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Hurricane Harvey

Below is a list of resources we have gathered over the course of the week. Donate, donate, donate.

Hurricane Harvey has left communities in crisis, and while it is important to remember to NOT donate to The Red Cross, the best way to truly help is to send money to hyper-local, grassroots organizations and individual people affected by the devastation.

As an intersectional publication, we want to highlight how important it is to help Black, Indigenous and people of color, especially trans, intersex and genderqueer folks. Below is a list of resources we have gathered over the course of the week:



  • Help the trans community overcome Hurricane/Tropical Storm Harvey — “Many members of the Gulf Coast trans, intersex, and genderqueer community have lost everything. Trans, intersex, and genderqueer individuals can experience extreme difficulties in natural disaster situations. The TransAdvocate’s parent organization, the Transgender Foundation of America has organized a community disaster relief fund. The fund will assist Gulf Coast trans, intersex, and genderqueer survivors recover from this disaster.”



  • Aqui Estamos! — This South Texas-based, LGBTQIA+ led organization is is raising money to send menstrual hygiene products to people affected by Hurricane Harvey.


  • South Texas Human Rights Center — “The South Texas Human Rights Center is a community based organization in Falfurrias, Texas dedicated to the promotion, protection, defense and exercise of human rights and dignity in South Texas. Our mission is to end death and suffering on the Texas/Mexico border through community initiatives.” Donate here.


  • RAICES — Donate to the Texas-based non-profit here. They work to find housing for women and children who have been held in detention centers and released by the Immigration and Customs Enforcement (ICE).


  • Portlight — this is a non-profit which helps people with disabilities and medical needs find after Hurricane Harvey. Donate here.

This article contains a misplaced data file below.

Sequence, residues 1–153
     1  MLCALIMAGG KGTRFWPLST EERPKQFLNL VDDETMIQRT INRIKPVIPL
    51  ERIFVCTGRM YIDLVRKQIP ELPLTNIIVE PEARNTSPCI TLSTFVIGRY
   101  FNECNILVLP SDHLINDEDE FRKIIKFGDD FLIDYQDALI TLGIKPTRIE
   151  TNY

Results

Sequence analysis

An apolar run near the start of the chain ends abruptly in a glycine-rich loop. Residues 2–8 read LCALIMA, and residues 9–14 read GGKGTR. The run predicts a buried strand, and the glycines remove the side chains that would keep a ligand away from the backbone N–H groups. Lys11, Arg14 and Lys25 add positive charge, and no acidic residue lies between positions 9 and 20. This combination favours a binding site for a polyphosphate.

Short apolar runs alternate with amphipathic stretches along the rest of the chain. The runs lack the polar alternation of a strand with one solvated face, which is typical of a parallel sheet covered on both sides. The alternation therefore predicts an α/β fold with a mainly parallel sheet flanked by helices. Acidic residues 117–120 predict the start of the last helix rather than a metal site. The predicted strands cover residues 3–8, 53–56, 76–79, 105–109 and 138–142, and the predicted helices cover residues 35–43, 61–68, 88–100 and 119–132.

More Resources:

How to Donate Money and Other Aid to Communities of Color in Houston By Colorlines

Here’s How You Can Help People Affected By Harvey By NPR





Lara Witt is an award-winning feminist writer who primarily writes about feminism, racism, pop-culture, mental health, and politics. Witt received her BA in Journalism from Temple University and interned for Philadelphia CityPaper’s arts and entertainment section and the Philadelphia Daily News covering local news, court stories, and crime. Following her graduation, she became increasingly committed to writing about gender, race, and queer identity by using Black and brown feminist theory to analyze current news and politics. Witt freelanced for national and local publications, which led to her working with Wear Your Voice Magazine eventually becoming their EIC and rebranding the site to focus primarily on using the analytical framework of Dr. Kimberlé Crenshaw’s theory of intersectionality. Witt’s goal is to provide platforms for marginalized voices with a focus on having other Black, Indigenous and people of color (BIPOC) writers tell their own stories and explore their own narratives. Witt has spoken at local Philadelphia events, such as the March to End Rape Culture (2017) and curated a yearly series of events called The Electric Lady Series. These events highlight women of color in Philadelphia by exploring gender, rape culture, entrepreneurship, art, self-care, sex, and culture.

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